EFTPOS Gift Cards - Pros and Cons

EFTPOS has been around for much of many of our life times, but more recently EFTPOS gift cards have entered the market, offering consumers a new age in cashless shopping and financial management.

EFTPOS gift cards are gift cards that can be used at any store in Australia with an EFTPOS terminal. They can be loaded with any amount from $10 to $999, and can be personalised with the cardholder's name in some cases. They can be used in store, but not online and not at an ATM.

Depending on who you get your EFTPOS gift card from, what's available may be different, like personalising a card with your company logo, or with a picture. They're touted as a great way to incentivise  staff, and promote your brand to clients. But, they're also a great way to give a gift that isn't limited to a particular store - again, this depends on where you buy. For example, a Westfields EFTPOS gift card can be used in any of the 8000 stories in Westfield centres across Australia.

Unique to the Australian market, these cross-store gift cards have a variety of pros and cons.   

The obvious good points about the EFTPOS cards are that you can use them pretty much anywhere that you could use a debit or credit card but at the same time this can be a negative as most of the small print says that your gift card purchase is at the retailers discretion. I'm not sure what they would say no for, but you could be stood in a queue on Christmas eve and be told you can't use it! I don't suppose that happens often, but it's written in all the small print.

Reading the FAQ on GiftCardPlanet.com.au, it seems losing your card is like losing money out of your wallet. If it's used before you're able to stop the card, you won't be reimbursed, which essentially means you don't have the same fraud protection as you would using a credit card.

Also, once the card is loaded with money, it has to be activated in 3 months and then used up within 12 months of activation, so you could run the risk of losing your money if you don't spend it all, or being forced to buy something just to use up the money on your card. As with general gift cards, this goes back to the concept of "breakage" (as covered previously on our blog) which is the driver behind what makes these cards such a lucrative offering to customers.

On the plus side, they are great to give as gift cards, because you're not limiting your recipient to where they can buy. 

You could also use an EFTPOS gift card to help with budgeting and financial management too. For example by giving your teenager a card with their allowance on it every month - when it's gone it's gone, they can't go into any debt.  A great way to make sure a weekend partying doesn't end up costing more than it should.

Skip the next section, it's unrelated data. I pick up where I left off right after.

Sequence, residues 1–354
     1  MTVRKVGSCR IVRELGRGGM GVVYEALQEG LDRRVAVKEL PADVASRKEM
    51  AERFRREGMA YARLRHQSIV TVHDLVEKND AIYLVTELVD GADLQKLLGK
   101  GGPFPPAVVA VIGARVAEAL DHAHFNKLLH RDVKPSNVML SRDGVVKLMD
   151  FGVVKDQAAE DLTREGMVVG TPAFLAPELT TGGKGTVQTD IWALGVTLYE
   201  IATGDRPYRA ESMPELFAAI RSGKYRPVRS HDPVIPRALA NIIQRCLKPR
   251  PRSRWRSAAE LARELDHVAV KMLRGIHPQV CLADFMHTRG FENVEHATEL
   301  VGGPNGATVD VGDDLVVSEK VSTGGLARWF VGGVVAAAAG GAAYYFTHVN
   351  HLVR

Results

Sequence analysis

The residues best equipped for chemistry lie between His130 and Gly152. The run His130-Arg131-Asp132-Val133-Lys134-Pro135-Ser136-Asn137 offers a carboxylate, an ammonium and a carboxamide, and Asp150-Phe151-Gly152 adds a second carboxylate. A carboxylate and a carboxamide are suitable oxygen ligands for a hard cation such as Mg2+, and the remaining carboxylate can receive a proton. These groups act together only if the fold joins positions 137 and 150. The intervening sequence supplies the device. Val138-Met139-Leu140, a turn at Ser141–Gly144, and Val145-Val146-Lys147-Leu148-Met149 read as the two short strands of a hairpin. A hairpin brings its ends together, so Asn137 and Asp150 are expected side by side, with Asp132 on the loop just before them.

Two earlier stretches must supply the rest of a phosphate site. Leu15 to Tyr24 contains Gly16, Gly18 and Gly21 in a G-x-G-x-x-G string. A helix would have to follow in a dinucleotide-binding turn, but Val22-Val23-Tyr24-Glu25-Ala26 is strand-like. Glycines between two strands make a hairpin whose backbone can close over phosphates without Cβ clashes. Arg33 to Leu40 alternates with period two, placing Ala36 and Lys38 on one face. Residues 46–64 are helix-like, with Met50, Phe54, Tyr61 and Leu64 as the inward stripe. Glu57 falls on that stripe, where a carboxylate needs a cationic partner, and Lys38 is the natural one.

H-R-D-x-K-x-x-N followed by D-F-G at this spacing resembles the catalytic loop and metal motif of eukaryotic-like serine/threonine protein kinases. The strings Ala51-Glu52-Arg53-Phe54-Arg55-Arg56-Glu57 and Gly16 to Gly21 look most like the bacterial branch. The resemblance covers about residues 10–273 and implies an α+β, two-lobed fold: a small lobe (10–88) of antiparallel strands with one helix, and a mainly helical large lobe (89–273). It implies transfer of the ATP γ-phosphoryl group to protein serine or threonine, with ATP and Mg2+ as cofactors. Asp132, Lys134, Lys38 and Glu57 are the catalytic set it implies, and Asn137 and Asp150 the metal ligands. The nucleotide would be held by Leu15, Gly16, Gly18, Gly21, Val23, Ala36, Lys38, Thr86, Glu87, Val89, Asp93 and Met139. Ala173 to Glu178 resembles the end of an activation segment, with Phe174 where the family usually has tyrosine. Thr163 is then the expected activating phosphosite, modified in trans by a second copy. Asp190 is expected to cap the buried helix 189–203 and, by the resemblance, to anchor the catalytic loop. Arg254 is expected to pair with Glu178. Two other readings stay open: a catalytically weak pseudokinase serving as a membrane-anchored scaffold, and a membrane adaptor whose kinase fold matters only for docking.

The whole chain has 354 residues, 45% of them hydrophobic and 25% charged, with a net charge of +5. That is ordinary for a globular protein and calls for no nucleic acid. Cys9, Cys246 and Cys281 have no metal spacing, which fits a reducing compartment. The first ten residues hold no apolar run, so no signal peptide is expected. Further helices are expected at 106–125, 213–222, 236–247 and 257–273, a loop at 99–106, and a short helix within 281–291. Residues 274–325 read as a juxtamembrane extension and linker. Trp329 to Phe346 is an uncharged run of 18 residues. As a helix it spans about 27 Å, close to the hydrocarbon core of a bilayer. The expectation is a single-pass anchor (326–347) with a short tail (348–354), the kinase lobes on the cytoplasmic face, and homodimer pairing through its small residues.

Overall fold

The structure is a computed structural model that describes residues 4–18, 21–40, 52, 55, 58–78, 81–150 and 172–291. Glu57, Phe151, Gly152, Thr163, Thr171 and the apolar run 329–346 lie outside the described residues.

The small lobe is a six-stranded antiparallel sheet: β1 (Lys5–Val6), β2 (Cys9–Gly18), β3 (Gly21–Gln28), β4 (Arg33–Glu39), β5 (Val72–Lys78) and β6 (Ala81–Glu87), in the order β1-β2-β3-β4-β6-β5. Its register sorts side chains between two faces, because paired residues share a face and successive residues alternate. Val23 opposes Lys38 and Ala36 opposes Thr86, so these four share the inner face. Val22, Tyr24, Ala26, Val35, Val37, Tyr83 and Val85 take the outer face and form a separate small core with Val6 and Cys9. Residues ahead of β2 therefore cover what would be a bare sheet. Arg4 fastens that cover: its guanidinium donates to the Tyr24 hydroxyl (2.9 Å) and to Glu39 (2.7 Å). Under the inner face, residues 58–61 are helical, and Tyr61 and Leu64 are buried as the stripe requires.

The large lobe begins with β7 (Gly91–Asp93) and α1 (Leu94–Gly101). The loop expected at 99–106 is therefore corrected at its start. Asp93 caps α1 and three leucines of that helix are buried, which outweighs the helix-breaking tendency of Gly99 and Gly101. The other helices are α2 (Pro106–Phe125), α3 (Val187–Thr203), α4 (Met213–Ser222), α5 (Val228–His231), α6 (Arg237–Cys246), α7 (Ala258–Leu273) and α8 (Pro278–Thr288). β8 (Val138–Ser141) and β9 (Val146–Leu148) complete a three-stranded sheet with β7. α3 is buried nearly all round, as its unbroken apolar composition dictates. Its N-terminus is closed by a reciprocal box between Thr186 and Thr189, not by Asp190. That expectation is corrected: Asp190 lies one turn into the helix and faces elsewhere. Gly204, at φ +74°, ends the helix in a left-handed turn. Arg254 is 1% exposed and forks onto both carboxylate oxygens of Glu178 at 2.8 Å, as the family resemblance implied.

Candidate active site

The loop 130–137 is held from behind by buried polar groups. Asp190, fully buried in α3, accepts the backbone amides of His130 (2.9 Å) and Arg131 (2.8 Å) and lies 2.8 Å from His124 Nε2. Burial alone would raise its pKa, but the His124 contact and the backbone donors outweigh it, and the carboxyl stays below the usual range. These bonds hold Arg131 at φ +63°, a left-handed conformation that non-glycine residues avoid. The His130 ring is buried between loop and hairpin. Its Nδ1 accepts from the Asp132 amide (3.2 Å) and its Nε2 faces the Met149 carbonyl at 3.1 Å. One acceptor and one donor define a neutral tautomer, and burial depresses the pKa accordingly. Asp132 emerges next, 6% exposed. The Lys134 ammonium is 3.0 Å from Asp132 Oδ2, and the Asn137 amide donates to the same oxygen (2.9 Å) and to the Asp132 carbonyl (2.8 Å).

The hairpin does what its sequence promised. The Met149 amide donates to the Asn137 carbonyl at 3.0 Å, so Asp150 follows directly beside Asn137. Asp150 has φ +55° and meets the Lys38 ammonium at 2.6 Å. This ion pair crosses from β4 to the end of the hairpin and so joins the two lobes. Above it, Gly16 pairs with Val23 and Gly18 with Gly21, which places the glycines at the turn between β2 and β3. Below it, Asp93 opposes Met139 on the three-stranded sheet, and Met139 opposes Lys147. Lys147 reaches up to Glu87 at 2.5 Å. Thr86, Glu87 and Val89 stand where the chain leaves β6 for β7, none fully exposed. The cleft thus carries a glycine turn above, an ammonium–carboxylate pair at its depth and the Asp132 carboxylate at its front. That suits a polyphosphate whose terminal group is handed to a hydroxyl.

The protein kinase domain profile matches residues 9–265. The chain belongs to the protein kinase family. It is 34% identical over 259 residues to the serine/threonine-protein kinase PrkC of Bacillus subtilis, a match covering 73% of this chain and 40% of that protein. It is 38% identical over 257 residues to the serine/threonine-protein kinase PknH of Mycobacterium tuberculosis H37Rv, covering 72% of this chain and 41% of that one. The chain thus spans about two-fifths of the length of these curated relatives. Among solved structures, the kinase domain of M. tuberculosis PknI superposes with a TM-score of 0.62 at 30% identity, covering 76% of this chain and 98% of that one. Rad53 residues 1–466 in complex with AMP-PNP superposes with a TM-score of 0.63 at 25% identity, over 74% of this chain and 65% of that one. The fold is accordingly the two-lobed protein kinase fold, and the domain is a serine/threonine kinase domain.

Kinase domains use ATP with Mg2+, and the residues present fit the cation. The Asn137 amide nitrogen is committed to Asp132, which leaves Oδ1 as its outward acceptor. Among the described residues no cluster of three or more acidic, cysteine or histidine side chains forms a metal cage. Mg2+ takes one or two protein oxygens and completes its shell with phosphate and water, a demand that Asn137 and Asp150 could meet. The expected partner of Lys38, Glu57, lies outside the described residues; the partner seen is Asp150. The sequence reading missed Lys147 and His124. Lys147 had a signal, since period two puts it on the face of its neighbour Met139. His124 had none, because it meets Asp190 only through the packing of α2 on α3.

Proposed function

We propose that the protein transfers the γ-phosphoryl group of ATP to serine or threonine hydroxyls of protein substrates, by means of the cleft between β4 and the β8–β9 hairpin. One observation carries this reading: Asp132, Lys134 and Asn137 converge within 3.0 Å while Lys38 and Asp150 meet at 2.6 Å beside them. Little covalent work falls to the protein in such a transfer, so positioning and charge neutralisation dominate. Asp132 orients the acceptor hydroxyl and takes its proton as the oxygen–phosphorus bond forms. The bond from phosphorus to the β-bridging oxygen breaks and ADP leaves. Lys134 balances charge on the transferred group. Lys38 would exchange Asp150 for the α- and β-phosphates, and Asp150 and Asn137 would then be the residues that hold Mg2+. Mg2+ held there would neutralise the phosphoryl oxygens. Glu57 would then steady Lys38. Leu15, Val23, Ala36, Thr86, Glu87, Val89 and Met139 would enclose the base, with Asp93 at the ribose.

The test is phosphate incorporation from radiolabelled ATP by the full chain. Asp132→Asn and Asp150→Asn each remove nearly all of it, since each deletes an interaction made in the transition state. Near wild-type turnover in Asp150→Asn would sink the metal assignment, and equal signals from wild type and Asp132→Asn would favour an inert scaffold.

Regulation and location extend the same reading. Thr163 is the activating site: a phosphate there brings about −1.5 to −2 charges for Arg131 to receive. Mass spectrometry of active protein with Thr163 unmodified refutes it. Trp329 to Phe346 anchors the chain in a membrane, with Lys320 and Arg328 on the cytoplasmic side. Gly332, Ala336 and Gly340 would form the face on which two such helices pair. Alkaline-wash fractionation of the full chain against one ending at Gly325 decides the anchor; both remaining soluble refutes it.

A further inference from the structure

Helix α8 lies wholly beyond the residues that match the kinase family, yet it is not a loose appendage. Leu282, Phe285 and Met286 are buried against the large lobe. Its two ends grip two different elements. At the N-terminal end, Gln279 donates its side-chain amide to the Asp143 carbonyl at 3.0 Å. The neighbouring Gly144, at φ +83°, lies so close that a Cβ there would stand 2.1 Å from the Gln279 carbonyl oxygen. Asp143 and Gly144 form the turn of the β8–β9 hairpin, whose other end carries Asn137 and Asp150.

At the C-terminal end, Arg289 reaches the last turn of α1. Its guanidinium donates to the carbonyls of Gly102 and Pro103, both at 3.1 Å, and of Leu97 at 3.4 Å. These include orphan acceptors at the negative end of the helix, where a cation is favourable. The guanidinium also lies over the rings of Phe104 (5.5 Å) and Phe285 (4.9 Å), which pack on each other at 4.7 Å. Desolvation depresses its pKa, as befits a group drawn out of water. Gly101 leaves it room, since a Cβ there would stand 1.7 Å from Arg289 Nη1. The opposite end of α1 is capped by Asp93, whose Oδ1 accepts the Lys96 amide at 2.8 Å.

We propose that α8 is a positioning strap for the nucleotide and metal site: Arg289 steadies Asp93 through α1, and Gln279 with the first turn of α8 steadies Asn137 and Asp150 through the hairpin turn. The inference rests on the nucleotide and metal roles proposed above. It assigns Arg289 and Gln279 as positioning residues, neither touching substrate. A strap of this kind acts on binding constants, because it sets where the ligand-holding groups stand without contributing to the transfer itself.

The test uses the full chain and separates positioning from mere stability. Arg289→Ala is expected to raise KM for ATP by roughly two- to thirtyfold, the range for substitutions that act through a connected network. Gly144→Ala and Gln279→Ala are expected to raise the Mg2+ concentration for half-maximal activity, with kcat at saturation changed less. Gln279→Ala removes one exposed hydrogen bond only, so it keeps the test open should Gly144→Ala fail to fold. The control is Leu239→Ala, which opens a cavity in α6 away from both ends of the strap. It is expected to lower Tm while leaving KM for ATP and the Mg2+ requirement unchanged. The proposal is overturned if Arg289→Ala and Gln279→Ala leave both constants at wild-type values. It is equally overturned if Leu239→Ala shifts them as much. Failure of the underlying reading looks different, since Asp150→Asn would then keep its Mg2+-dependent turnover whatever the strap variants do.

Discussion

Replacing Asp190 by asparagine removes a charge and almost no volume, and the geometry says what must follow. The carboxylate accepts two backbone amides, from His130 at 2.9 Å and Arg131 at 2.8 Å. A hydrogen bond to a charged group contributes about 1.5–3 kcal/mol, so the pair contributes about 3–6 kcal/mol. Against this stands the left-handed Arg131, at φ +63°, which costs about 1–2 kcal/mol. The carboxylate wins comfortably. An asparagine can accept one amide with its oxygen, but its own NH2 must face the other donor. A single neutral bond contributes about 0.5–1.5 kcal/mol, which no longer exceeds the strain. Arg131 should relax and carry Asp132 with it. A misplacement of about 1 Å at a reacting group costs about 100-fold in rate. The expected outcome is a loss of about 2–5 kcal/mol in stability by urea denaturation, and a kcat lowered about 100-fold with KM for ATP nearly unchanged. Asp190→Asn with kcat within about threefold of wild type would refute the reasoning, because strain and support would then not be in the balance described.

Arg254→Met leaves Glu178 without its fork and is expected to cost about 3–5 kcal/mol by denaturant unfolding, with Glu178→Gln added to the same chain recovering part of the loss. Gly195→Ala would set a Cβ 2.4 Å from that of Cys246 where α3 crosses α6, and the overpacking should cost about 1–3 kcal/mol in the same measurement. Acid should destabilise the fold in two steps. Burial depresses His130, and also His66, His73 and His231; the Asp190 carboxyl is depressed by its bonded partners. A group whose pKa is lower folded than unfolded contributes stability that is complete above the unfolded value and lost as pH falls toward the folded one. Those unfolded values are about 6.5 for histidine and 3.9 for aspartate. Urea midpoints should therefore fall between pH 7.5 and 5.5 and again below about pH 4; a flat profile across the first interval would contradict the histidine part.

Once again depending on where you buy the gift card, this may or may not be a pricey way of working though. If you buy through Corporateprepaidgiftcards.com.au you don't have monthly fees, your generic gift card is free of charge and you can personalise for a fee. If you buy through Gifte.com, your generic card won't cost you anything either and they have special offers so you could pay $40 for a $50 card with a three month validity. So basically, like with everything, there's value in shopping around.

Different gift card providers may have slightly different terms and conditions, so deciding what you need is essential so that you can shop around and get something that will suit your needs, or those of your recipient.


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  • odysseus
    The fine print about retailers not accepting them is quite significant. There are a couple of common examples/exclusions to that. 1) For example, with the Westfield cards, the fine print says it is up to the merchant to accept or not. A fair number do not accept them, mostly the larger retailers. Westfield even provide a means to check on their website who do and who don't. This does change periodically. So yes, it's quite possible to be refused. 2) The more fun part is that some retailers, either due to knowledge or systems, even if they accept them, may not handle them in part. So it's fine when you get a nice new $500 card, and have a fair bit of choice. But when you have $13.85 left, you try to use it, there's not enough for the purchase, and the retailer will say they can't accept it, or can't accept it with a credit card for the balance. You might want to buy something for $300, and not want to use cash for the balance, so are stuck carrying this card around for longer and effectively unable to use it there. So then have to find somewhere else... 3) In respect of the general cards, some retailers also do not accept them. E.g. Woolworths and sister chains do not accept gift and EFTPOS cards apart from their own. So no Westfield cards, or general EFTPOS. So you have a lot less flexibility than cash, with the downside of an expiry date and usage restrictions, and not really any upside in a general sense.